Mustangs could be dark horse in NCAAs
The SMU men’s basketball team entered the weekend having last lost on Jan. 12, riding a 14game winning streak that included Friday’s tougher-than-expected win over East Carolina in the American Athletic Conference quarterfinals in Hartford, Conn.
(The win streak increased to 15 with Saturday’s victory over UCF).
During that time, the Mustangs posted one of the highest conference efficiency margins in the nation, plus-0.29 points per possession. The capper was their 103-62 victory over Memphis in the regular season finale; the Mustangs connected on 71 percent of their two-pointers and scored 1.45 points per possession.
But SMU (27-4) is being forecast as having a fairly middling seed in the NCAA tournament.
It calls for a reevaluation: Is SMU undervalued? If so, here are the factors that have led to the transformation of Coach Tim Jankovich’s squad:
The revival of Semi Ojeleye After leaving Duke, the onceheralded recruit didn’t play for nearly two years. This season, the junior has been the Mustangs’ offensive force. His rating — 1.32 points per possession, according to College Basketball Reference — leads the AAC by a wide margin.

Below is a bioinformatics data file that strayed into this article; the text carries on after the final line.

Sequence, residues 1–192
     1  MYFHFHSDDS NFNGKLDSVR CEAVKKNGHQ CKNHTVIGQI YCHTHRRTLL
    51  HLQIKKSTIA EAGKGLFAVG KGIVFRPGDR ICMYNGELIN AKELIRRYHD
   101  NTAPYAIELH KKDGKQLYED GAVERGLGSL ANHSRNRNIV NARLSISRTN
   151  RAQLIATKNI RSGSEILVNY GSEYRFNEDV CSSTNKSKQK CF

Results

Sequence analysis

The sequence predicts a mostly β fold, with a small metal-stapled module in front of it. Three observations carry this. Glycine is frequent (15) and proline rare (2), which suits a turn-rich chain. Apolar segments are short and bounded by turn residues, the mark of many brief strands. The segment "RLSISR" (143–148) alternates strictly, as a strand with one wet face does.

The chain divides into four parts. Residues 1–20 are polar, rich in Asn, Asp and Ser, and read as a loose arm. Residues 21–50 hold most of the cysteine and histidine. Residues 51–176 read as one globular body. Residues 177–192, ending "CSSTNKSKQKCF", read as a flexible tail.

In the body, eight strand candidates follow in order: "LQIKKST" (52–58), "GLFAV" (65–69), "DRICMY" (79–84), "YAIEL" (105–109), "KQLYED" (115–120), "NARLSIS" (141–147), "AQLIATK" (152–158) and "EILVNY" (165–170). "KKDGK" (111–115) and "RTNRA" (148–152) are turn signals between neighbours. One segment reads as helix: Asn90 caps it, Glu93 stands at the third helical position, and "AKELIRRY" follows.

Roster composition SMU is a unicorn in Division I. The Mustangs rarely use their backups; only Nevada and Arizona State use a lower percentage of bench minutes. Yet SMU relies on an aggressive, trapping manto-man defense in the half court. It works because the squad is full of players without set positions.
Those players are adept at defending guards along the perimeter while using their length to disrupt an opponent’s offensive flow. To wit, Ben Emelogu is the only player shorter than 6 feet 6 who averages more than 20 minutes.
The Mustangs also use a zone press defense to drain time each possession.
Shake Milton’s evolution The sophomore guard had a productive first season, but without a true point guard, Jankovich has had to rely on the 6-6 Milton. So far, the transition has been seamless: he is assisting on 24 percent of the team’s baskets. A particular strength is the pickand-roll.
With essentially five main players, SMU has accomplished a rarity: It has blended an aggressive defense with an offense that has yet to be disrupted in conference play. So it is strange that the Mustangs have been overlooked. This is a team built to excel in one-anddone scenarios, and perhaps will earn some deserved national attention.